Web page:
To date, research on gender and political representation has predominantly centered on women. The assumption that men as a privileged group automatically gain representation is nevertheless problematic. Not only are some (dominant) groups of men better represented than others, we simply do not know what men’s interests are. Up until today, however, no study has actually explored the nature of men’s interests in an empirical way. This paper offers a first attempt to conceptualize and operationalize the notion of men’s interests in empirical research. Based on new and original data from the 2014 PARTIREP voter survey organized in Belgium on the occasion of the 2014 federal and regional elections, we study men and women along political themes, their political visions and their voting behavior. The main question that guides our research is the following: What do gender differences in political themes and visions tell us about male (and female) interests in politics? Next to offering empirical insights into women and men’s political interests, this paper also provides a theoretical contribution to broader debates on group interests. We reflect on our observation that men and women attach importance to the same political themes but have different visions about them, and what this teaches us about “male interests” and “female interests”. We also launch a call for new empirical and theoretical research into men and their interests in politics.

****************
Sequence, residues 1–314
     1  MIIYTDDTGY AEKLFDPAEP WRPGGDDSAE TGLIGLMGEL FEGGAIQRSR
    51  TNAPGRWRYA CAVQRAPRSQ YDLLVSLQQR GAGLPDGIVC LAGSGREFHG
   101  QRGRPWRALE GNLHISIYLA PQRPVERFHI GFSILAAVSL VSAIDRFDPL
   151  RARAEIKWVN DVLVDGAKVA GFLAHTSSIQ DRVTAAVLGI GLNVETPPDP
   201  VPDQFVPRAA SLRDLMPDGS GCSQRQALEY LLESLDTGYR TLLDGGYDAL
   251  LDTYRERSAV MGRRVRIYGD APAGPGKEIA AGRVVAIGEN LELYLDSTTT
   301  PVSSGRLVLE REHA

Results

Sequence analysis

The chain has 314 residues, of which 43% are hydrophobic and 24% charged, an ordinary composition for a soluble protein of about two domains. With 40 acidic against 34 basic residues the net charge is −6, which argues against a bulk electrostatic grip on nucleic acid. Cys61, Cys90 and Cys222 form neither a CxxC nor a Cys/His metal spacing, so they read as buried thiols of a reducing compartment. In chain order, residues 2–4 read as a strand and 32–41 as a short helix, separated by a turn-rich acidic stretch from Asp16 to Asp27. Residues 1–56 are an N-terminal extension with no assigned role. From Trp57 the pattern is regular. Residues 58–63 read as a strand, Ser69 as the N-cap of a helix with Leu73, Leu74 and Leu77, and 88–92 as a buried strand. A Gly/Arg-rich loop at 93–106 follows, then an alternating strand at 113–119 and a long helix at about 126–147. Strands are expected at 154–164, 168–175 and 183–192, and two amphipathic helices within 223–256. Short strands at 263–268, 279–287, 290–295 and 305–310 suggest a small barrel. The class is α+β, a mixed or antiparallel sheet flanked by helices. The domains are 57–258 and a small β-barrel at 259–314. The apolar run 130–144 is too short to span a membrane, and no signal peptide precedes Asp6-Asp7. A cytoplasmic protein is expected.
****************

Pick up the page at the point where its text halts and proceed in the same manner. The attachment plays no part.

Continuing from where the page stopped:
Originele taal-2English
TitelThe ECPR Joint Sessions of Workshops, Warsaw 29 March - 2 April 2015
StatusPublished - 2015
EvenementECPR Joint Sessions of Workshops - Warsaw, Poland
Duur: 29 mrt 20152 apr 2015


ConferenceECPR Joint Sessions of Workshops


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